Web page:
Reports of Cases
Appeals and Writs of Error
High Court of Parliament
from the Year 1697 to the year 1713
Tables, Notes and References
a supplementary volume to
Brown’s cases in Parliament
By Richard Colles Esq Barrister at Law.
Pages 459 to 467. 1713.
William Despard Esq Thomas Croasdaile Esq and others Executors of the last Will of Thomas Croasdaile Esq deceased
Arthur Ormsby Esq Dorothy his Wife William Usher Esq and Letice his Wife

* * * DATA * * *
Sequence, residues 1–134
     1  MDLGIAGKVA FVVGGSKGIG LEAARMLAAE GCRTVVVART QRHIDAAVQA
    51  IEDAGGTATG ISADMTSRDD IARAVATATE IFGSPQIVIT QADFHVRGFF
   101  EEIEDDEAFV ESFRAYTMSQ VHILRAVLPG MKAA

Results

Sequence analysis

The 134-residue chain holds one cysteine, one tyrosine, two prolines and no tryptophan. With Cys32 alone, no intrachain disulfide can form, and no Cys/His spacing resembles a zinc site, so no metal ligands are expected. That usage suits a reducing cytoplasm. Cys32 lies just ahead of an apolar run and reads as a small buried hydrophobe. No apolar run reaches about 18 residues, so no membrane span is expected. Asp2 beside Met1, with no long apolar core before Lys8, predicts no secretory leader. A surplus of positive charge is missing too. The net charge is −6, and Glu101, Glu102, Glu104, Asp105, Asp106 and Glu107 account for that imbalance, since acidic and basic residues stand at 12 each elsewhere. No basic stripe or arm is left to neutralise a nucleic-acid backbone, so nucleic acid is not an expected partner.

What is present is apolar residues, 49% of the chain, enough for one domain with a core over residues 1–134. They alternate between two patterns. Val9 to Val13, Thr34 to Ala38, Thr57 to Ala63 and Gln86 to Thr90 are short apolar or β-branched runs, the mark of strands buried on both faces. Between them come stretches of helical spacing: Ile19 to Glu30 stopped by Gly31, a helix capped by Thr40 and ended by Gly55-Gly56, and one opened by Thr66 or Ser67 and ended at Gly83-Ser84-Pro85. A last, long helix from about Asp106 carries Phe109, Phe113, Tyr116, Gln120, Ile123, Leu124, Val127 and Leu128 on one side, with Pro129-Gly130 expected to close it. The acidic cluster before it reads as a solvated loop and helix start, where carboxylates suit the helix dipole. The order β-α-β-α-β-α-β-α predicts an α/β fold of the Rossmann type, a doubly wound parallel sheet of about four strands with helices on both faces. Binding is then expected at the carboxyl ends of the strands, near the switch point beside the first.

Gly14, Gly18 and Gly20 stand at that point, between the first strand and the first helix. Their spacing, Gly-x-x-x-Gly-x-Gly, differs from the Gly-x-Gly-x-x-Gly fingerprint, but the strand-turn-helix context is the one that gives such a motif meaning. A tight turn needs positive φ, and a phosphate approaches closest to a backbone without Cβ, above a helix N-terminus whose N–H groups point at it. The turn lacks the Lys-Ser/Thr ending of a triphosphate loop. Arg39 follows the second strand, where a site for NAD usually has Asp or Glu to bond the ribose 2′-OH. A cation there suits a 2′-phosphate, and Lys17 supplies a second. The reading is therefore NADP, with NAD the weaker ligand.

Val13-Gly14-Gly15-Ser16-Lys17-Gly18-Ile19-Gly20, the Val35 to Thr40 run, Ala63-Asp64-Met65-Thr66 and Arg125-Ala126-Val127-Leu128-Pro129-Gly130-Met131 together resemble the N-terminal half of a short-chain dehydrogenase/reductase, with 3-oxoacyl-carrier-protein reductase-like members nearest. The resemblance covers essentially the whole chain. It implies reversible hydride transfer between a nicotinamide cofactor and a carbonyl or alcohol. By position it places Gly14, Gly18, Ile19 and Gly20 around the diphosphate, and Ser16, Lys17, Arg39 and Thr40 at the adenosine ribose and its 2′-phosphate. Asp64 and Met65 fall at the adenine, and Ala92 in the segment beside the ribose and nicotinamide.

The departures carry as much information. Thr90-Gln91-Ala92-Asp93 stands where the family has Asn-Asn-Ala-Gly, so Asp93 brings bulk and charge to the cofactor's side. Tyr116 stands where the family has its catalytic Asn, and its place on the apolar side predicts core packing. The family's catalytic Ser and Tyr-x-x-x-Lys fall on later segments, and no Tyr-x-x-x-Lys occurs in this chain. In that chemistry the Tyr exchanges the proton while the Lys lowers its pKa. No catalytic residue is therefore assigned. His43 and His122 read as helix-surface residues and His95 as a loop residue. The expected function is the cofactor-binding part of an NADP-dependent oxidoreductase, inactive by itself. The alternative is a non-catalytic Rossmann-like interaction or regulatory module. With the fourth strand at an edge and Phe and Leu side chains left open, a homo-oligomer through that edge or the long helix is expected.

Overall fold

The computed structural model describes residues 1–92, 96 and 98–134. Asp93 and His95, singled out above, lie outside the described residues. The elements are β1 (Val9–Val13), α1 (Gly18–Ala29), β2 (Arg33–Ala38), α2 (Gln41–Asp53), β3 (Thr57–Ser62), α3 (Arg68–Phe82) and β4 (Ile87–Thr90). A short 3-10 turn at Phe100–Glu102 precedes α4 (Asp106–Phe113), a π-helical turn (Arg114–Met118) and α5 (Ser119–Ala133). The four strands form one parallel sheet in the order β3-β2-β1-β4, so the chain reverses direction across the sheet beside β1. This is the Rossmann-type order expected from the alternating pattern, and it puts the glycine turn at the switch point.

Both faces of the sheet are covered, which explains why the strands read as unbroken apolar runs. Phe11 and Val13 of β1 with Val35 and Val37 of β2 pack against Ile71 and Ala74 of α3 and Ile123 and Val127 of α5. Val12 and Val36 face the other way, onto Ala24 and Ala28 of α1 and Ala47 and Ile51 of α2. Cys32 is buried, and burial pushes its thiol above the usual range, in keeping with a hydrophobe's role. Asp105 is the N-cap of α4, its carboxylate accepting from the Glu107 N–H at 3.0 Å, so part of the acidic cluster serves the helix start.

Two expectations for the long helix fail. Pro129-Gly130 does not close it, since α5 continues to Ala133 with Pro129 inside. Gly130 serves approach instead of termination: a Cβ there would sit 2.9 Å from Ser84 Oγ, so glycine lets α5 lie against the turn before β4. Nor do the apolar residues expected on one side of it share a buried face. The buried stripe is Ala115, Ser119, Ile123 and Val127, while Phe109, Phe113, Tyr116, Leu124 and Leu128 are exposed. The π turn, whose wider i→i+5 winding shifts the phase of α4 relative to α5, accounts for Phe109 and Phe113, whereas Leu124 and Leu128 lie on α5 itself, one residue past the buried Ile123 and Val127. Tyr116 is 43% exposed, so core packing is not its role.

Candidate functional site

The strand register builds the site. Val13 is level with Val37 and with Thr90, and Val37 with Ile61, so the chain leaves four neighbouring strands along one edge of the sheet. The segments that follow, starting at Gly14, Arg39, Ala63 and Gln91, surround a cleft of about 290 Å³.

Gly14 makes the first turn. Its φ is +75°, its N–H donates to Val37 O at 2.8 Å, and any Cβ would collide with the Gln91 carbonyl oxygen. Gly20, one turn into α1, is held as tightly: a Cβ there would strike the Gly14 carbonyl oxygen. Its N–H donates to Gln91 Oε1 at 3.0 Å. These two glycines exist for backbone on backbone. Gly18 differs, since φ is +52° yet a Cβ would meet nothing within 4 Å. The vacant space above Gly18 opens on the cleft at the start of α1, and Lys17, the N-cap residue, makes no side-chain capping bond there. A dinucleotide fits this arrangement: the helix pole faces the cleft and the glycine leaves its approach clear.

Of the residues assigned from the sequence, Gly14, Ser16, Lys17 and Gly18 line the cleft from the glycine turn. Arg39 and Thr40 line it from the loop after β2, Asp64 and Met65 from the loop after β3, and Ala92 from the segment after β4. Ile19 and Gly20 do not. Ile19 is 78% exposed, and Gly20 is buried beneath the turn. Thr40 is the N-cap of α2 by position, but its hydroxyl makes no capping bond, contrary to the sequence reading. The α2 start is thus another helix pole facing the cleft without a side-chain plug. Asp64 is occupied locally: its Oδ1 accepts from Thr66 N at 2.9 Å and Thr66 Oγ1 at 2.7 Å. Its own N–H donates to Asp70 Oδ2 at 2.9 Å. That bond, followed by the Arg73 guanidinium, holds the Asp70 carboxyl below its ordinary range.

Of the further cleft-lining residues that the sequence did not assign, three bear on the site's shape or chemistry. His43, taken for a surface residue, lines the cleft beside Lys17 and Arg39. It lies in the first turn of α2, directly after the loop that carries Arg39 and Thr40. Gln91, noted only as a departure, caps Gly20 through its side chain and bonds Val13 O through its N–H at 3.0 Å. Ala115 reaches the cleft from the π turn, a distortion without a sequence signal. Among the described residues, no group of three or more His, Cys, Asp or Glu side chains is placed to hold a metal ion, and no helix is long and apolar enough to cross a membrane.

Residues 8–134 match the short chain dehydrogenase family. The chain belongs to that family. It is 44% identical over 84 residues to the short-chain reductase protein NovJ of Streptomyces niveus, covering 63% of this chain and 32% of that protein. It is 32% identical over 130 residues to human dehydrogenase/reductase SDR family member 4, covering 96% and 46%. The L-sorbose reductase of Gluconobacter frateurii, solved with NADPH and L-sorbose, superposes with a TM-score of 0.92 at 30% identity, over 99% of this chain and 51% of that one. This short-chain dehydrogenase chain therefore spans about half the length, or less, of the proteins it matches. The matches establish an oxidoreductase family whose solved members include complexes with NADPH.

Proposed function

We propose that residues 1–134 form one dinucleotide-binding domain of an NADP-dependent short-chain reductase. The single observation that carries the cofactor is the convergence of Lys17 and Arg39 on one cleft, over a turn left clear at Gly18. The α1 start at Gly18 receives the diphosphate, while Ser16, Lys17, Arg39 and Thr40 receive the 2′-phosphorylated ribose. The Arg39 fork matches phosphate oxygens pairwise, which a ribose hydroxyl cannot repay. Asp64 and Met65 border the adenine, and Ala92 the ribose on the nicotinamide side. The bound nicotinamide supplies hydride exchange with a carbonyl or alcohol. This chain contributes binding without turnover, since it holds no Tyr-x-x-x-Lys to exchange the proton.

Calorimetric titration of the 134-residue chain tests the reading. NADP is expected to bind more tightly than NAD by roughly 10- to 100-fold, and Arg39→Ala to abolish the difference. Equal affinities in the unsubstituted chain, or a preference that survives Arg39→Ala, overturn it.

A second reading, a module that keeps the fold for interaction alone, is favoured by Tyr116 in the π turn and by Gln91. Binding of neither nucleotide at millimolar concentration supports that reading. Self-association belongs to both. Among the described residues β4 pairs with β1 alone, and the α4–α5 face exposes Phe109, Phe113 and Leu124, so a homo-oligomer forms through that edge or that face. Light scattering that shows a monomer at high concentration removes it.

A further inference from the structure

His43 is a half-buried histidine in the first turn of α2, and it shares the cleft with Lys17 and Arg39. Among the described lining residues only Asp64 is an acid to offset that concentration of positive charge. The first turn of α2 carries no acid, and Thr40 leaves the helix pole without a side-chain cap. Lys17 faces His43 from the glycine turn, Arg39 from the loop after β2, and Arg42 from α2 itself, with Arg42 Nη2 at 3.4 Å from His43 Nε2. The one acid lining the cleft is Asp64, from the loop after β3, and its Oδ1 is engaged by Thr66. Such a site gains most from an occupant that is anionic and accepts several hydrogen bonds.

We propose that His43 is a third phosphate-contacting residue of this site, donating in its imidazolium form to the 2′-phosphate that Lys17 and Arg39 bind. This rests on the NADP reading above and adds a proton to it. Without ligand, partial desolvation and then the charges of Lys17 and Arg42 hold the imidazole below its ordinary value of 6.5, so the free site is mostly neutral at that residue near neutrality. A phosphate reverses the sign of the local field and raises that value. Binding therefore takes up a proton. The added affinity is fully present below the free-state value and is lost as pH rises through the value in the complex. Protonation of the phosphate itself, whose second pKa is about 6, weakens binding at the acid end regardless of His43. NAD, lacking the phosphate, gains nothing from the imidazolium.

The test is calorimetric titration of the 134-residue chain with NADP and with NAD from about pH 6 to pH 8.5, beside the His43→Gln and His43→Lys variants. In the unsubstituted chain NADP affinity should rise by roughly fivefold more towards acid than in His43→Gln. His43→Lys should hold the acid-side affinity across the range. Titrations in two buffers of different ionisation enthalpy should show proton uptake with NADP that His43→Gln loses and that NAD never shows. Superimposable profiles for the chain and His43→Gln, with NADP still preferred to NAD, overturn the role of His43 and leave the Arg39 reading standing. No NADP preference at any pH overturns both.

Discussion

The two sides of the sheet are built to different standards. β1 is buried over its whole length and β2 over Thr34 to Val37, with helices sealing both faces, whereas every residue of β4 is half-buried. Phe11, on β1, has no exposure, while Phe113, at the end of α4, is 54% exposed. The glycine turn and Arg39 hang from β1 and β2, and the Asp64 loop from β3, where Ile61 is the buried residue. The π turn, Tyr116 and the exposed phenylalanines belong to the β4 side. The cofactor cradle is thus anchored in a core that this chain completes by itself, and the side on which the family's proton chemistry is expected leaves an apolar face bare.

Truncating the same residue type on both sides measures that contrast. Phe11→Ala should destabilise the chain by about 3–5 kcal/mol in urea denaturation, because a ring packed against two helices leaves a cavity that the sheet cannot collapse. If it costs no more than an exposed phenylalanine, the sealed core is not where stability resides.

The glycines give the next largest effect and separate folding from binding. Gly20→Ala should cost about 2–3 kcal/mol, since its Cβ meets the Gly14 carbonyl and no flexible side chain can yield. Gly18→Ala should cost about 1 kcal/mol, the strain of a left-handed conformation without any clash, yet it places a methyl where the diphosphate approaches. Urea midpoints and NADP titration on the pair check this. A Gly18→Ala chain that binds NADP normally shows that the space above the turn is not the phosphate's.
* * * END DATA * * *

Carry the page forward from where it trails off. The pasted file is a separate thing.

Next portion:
The appellants made this case That Sir Henry Waddington Knt being seised in fee of the lands of Woodford in the county of Galway in Ireland and of certain iron works and woods of little value thereon and intitled to a term of years in the lands and ironworks of Scariffe in the county Clare and having one son Digby and two daughters respondents Dorothy and Letice (the son a young child and the youngest daughter about 17) by his last will in writing devised all his lands and real estate whatsoever subject to certain payments to his said son in tail remainder to his daughters and the heirs of their bodies issuing respectively and directed that his estate should be managed by his executors or the greater number of them until his said daughters should be disposed of in marriage and appointed Dame Abigail his wife (during widowhood only) Simon, then Bishop of Limerick afterwards translated to Elphin, Duke Gifford Gilbert Ormsby Simon Purdon Esqrs Zachary Ormsby, Clerk and Thomas Croasdaile executors; and in case Croasdaile would undertake the management of testator’s real and personal estate and make it his only business then he recommended to his other executors to allow Croasdaile 10s per ton if 200 tons of bar-iron were made yearly in the works and 15s for each ton of bar-iron made yearly over and above 200 tons; and soon after died, and his son Digby also died in a few months after and Dame Abigail and Croasdaile proved the will, but the other executors also acted and nothing was done without their concurrence. And, in 1692, the ironworks of Scariffe with the appurtenances, were let by Dame Abigail to John Emerton Esq at the yearly rent of £500 and respondent Dorothy soon after married Robert